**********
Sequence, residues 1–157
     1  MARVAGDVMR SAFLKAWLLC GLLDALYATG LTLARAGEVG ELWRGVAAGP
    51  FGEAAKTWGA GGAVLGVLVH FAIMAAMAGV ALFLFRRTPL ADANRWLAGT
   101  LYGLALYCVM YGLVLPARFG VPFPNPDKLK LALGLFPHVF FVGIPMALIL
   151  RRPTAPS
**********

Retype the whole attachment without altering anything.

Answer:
Sequence, residues 1–157
     1  MARVAGDVMR SAFLKAWLLC GLLDALYATG LTLARAGEVG ELWRGVAAGP
    51  FGEAAKTWGA GGAVLGVLVH FAIMAAMAGV ALFLFRRTPL ADANRWLAGT
   101  LYGLALYCVM YGLVLPARFG VPFPNPDKLK LALGLFPHVF FVGIPMALIL
   151  RRPTAPS